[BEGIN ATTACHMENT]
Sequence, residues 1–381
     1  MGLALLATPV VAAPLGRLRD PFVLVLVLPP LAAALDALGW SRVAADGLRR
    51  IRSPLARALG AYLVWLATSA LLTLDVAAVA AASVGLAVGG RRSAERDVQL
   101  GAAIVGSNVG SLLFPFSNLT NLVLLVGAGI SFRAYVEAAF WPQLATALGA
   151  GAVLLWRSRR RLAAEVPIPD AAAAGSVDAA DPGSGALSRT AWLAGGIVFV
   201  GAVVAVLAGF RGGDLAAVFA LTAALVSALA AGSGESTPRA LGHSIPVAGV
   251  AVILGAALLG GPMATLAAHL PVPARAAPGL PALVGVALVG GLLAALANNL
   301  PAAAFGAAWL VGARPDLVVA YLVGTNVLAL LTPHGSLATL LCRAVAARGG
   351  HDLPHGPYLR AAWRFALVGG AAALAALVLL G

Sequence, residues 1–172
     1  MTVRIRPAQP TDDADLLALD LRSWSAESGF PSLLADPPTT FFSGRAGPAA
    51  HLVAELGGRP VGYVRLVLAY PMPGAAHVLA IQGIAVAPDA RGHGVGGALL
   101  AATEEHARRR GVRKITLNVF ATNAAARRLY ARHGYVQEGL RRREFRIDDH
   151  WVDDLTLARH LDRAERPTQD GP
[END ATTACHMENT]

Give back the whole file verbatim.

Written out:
Sequence, residues 1–381
     1  MGLALLATPV VAAPLGRLRD PFVLVLVLPP LAAALDALGW SRVAADGLRR
    51  IRSPLARALG AYLVWLATSA LLTLDVAAVA AASVGLAVGG RRSAERDVQL
   101  GAAIVGSNVG SLLFPFSNLT NLVLLVGAGI SFRAYVEAAF WPQLATALGA
   151  GAVLLWRSRR RLAAEVPIPD AAAAGSVDAA DPGSGALSRT AWLAGGIVFV
   201  GAVVAVLAGF RGGDLAAVFA LTAALVSALA AGSGESTPRA LGHSIPVAGV
   251  AVILGAALLG GPMATLAAHL PVPARAAPGL PALVGVALVG GLLAALANNL
   301  PAAAFGAAWL VGARPDLVVA YLVGTNVLAL LTPHGSLATL LCRAVAARGG
   351  HDLPHGPYLR AAWRFALVGG AAALAALVLL G

Sequence, residues 1–172
     1  MTVRIRPAQP TDDADLLALD LRSWSAESGF PSLLADPPTT FFSGRAGPAA
    51  HLVAELGGRP VGYVRLVLAY PMPGAAHVLA IQGIAVAPDA RGHGVGGALL
   101  AATEEHARRR GVRKITLNVF ATNAAARRLY ARHGYVQEGL RRREFRIDDH
   151  WVDDLTLARH LDRAERPTQD GP